Wednesday, January 21, 2009

Oh, Brioche

Brioche has been on my "hit list" of must bakes for awhile now. I've surprisingly only had brioche once (made into French toast...fabulous!) but it seems like something that is just a baking staple.

When looking for recipes, I stayed away from all of my bread books thinking they would give me the harder way to make this, they always do. And it does turn out that there are more streamlined ways to make brioche. I was happy to see that La Tartine Gourmande had a very down to earth, dare I say easy, brioche recipe. But for my first time, I wanted the full experience.

I found a recipe through Epicurious that seemed like the real mccoy. Let's see - beat in a lot of butter (check). Let is slow rise in the refrigerator overnight (check). Stir the dough once every 30 minutes for 2 hours while slow rising (check). There seemed to be enough hours of both work and waiting to make this recipe feel authentic enough for me.

The experience was awesome, if you can say that about making bread. This dough was one of the best I've ever worked with, probably because of the butter to flour ratio (my flab would rather not think about this). The dough was silky smooth and yet elastic at the time time. I loved it!

I loved the dough, until I baked it and was able to eat it.

OH MY SWEET GOODNESS. Is it a croissant? Or a loaf of bread? This crazy hybrid butter-fest was so light on the tongue and yet so rich. It was worth every minute of prep, and all three sticks of butter (don't think I'm joking!). Maybe next time I'll go for an easier version if I'm in a time crunch, but the process to make this was too much fun.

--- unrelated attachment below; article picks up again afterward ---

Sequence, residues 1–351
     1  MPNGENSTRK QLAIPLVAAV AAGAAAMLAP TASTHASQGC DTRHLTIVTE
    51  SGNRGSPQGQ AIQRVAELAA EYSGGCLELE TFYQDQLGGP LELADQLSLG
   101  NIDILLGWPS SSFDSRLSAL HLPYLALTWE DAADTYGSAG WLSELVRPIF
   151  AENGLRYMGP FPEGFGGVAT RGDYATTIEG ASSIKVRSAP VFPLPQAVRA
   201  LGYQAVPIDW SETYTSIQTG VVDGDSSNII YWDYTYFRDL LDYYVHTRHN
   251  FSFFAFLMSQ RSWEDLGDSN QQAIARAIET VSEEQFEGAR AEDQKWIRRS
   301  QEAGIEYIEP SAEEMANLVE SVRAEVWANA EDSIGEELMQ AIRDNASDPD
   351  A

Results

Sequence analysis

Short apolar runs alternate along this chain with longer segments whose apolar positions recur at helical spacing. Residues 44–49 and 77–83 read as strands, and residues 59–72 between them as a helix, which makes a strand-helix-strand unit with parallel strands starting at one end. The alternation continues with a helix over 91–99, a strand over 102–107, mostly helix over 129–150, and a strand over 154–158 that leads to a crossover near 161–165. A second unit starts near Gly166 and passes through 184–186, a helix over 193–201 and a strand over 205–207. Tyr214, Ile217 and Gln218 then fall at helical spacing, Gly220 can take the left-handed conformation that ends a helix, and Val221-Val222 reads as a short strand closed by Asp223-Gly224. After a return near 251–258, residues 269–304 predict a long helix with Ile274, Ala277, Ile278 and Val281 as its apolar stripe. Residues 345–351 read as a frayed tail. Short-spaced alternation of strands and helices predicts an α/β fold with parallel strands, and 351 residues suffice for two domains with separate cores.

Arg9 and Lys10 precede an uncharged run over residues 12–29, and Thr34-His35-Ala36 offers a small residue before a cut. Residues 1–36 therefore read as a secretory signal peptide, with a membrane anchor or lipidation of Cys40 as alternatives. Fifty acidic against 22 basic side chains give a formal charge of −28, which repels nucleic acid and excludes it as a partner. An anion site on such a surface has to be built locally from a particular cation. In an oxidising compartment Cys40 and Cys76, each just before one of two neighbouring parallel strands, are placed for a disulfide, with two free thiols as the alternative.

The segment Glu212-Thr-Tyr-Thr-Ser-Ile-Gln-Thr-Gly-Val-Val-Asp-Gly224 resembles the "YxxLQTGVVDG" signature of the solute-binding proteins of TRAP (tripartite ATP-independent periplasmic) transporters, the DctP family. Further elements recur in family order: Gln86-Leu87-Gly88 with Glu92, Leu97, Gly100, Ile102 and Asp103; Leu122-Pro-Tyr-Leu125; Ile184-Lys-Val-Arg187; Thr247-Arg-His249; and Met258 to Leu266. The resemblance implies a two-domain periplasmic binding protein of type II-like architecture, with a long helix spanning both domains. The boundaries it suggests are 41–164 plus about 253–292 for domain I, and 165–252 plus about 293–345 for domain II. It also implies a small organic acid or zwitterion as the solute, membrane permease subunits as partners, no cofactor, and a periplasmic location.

Golden Brioche

1/3 cup warm water (105°F to 115°F)
1/3 cup warm milk (105°F to 115°F)
2 envelopes dry yeast
3 3/4 cups all purpose flour
2 teaspoons salt
3 large eggs
1/4 cup sugar
1 1/2 cups (3 sticks) unsalted butter, each stick cut into 4 pieces, room temperature
1 egg, beaten to blend with 1 tablespoon water (for glaze)

Place 1/3 cup warm water, warm milk, and yeast in bowl of standing heavy-duty mixer; stir until yeast dissolves. Fit mixer with dough hook. Add flour and salt to bowl; mix on low speed just until flour is moistened, about 10 seconds. Scrape sides and bottom of bowl.
Beat in 3 eggs on low speed, then add sugar. Increase speed to medium and beat until dough comes together, about 3 minutes. Reduce speed to low.
Add butter, 1 piece at a time, beating until each piece is almost incorporated before adding next (dough will be soft and batter-like). Increase speed to medium-high and beat until dough pulls away from sides of bowl, about 7 minutes.
Cover bowl with plastic wrap. Let dough rise at room temperature until almost doubled in volume, about 1 hour. Lift up dough around edges and allow dough to fall and deflate in bowl. Cover bowl with plastic and chill until dough stops rising, lifting up dough around edges and allowing dough to fall and deflate in bowl every 30 minutes, about 2 hours total. Cover bowl with plastic; chill dough overnight.
Butter and flour three 7 1/2x3 1/2x2-inch loaf pans. Divide dough into 3 equal pieces. Cut each dough piece into 4 equal pieces. Roll each into 3 1/2-inch-long log, forming 12 logs total. Arrange 4 logs crosswise in bottom of each prepared loaf pan. Place loaf pans on baking sheet. Cover pans with waxed paper. Let loaves rise at room temperature until dough almost fills pans, about 2 hours.
Preheat oven to 400°F. Gently brush top of loaves with egg glaze. Bake until loaves are golden brown and sound hollow when tapped, about 30 minutes. Cool in pans on racks 15 minutes.
Turn loaves out onto racks; cool at least 1 hour. (Can be made ahead. Cool completely. Wrap loaves in foil; place in resealable plastic bags and store at room temperature 1 day or freeze up to 1 month. Rewarm room-temperature or thawed loaves wrapped in foil in 350°F oven about 15 minutes, if desired.)

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